9. A drive control apparatus according to claim 8, wherein:
when the setting for the rotation rate is increased, said pulse width gradual increase means is operable to change the threshold value from a level before the change in the setting to a level after the change in the setting by using a specific time constant; and
when the setting for the rotation rate is reduced, said pulse width contraction means is operable to instantly change the threshold value from the level before the change in the setting to the level after the change in the setting.
10. A drive control apparatus according to claim 3, wherein:
said pulse width gradual increase means is operable for gradually and greatly changing the pulse width of the drive pulse until the pulse width is equal to the pulse width determined by said pulse width modulation means by using the specific time constant during an initial stage at startup.
11. A drive control apparatus according to claim 10, wherein:
said pulse width gradual increase means is operable to suddenly change the threshold value to a level at which the pulse width is zero and to then gradually change the threshold value to a level corresponding to the setting signal by using a specific time constant during the initial stage of startup.
12. A drive control apparatus according to claim 11, wherein:
said oscillator is operable to generate the oscillation pulse as a triangular wave, and said pulse-width modulation means is operable for comparing the oscillation pulse to the threshold value corresponding to the setting signal of said rotation rate setting means and for selecting as the pulse width a period of the triangular wave over which the level thereof exceeds the threshold value.
13. A drive control apparatus according to claim 12, wherein:
said pulse width gradual increase means is operable to set the level of the threshold value at or over a peak of the triangular wave and to then gradually change the level to a level corresponding to the setting signal by using a specific time constant at a rise of a source at a startup.
14. A drive control apparatus according to claim 3, further comprising:
pulse width contraction means for determining when the rotation rate setting is reduced, and for instantly changing the pulse width of the drive pulse from the level before the change in the setting to the level after the change in the setting.
15. A drive control apparatus according to claim 1 for use with a source having an output, wherein:
said pulse width gradual increase means is operable for gradually and greatly changing the pulse width of the drive pulse until the pulse width is equal to the pulse width determined by said pulse width modulation means by using the specific time constant during a rise of the output of the source which has been temporarily cut off.
16. A drive control apparatus according to claim 1, wherein:
said pulse width gradual increase means is operable for gradually and greatly changing the pulse width of the drive pulse until the pulse width is equal to the pulse width determined by said pulse width modulation means by using the specific time constant during an initial stage at startup.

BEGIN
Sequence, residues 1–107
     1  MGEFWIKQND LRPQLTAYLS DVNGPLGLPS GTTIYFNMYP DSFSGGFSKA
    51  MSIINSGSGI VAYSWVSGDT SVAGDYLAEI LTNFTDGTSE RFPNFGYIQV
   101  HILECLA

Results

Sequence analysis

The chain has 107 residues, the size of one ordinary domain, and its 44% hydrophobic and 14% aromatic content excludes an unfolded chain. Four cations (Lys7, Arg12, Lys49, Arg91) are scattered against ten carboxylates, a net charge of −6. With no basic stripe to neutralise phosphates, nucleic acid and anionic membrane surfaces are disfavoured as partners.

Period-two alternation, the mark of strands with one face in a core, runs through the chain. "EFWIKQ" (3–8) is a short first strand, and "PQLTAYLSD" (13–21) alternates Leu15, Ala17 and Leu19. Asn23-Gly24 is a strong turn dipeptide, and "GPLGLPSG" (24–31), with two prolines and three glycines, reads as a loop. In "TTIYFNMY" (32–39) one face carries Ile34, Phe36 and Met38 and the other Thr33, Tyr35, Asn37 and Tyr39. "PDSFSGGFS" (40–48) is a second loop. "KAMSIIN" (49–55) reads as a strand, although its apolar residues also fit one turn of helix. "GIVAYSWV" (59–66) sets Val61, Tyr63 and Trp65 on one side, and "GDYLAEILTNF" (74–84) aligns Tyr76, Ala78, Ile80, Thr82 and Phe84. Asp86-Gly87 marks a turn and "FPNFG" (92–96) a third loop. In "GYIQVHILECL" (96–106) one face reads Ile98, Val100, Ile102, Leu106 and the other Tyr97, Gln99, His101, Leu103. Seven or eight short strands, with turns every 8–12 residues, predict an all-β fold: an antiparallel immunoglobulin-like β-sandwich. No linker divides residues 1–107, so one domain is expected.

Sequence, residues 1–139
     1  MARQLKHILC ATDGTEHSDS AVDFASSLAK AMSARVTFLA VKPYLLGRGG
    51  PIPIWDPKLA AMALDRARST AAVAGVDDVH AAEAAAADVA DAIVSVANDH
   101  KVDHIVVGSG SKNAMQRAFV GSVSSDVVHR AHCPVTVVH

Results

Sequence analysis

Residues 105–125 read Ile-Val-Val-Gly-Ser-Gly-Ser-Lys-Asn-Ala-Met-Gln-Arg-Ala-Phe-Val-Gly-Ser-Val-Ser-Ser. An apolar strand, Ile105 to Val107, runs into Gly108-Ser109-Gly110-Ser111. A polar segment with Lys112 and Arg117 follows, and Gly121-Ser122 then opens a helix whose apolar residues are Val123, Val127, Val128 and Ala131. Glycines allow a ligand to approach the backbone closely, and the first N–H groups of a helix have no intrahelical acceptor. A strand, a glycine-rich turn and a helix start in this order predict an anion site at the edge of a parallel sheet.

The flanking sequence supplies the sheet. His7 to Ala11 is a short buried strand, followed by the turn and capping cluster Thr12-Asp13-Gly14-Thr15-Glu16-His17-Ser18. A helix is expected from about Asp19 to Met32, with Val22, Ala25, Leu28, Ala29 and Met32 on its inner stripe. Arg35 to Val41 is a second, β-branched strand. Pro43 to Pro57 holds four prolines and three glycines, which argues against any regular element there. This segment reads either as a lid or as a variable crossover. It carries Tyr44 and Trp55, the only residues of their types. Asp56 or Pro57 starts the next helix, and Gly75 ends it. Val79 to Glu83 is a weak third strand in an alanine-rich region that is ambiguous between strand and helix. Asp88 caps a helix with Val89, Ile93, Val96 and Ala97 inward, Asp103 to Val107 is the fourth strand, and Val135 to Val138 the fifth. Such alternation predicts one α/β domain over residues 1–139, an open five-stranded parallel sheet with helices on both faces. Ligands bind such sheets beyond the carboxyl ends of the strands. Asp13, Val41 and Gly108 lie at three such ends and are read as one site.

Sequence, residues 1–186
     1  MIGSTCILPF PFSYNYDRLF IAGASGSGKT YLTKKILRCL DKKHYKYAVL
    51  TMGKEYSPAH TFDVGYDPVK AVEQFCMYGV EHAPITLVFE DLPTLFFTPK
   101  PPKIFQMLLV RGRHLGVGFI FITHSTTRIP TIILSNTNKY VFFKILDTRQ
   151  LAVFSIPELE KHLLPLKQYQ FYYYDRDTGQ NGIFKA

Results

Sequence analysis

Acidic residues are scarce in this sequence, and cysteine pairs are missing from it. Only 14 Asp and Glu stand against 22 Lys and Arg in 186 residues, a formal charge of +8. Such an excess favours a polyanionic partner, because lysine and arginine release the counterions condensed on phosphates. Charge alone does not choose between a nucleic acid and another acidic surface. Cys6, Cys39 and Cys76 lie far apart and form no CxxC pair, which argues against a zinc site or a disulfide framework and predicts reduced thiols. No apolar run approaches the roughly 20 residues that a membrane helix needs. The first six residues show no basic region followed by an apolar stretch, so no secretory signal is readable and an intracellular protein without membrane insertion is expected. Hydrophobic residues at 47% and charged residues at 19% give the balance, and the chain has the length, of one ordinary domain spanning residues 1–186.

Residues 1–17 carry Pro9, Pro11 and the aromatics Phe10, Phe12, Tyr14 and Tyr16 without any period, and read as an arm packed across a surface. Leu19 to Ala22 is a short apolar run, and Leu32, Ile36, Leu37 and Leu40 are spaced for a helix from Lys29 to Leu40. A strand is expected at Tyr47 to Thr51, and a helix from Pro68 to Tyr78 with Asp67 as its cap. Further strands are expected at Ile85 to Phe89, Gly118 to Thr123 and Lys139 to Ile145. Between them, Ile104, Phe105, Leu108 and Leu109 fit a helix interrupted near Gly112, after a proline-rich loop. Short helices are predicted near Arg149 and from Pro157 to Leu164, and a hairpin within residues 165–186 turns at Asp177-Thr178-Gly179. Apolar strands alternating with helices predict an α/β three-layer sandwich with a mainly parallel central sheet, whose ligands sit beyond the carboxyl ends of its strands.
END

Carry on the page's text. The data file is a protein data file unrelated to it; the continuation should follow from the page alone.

17. A drive control apparatus according to claim 1, wherein:
the setting signal output by said rotation rate setting means is a rotation rate setting voltage that is in proportion to the rotation rate; and
said drive control apparatus further comprises rotation start decision-making means for setting the rotation rate setting voltage to a stopped-state voltage when said brushless motor is in a stopped state, and for setting a rotation start decision-making voltage from the stopped-state voltage equal to or exceeding a noise voltage and forming the drive pulse only when the rotation rate setting voltage exceeds the rotation start decision-making voltage.
18. A drive control apparatus according to claim 1, further comprising:
pulse width contraction means for determining when the rotation rate setting is reduced, and for instantly changing the pulse width of the drive pulse from the level before the change in the setting to the level after the change in the setting.
Description
BACKGROUND OF THE INVENTION

The present invention relates to a drive control apparatus for a brushless motor that performs duty ratio control of the brushless motor by modulating the pulse width of a drive pulse in correspondence to the setting for the rotation rate.

Methods for controlling the speed of a brushless motor include the one disclosed in Japanese Unexamined Patent Publication No. H 5-34781, which implements speed control by changing the pulse width of a drive pulse supplied to the exciting coils in order to apply a rotating magnetic field to the rotor through pulse-width modulation (PWM), for instance. In this pulse-width modulation, a triangular wave having a specific frequency is compared with a threshold value corresponding to the rotation rate that has been set, and if the rotation rate setting is smaller, the pulse width (duty ratio) of the drive pulse is reduced to lower the rotating speed of the rotor, whereas if the rotation rate setting is larger, the pulse width (duty ratio) of the drive pulse is increased to raise the rotating speed of the rotor.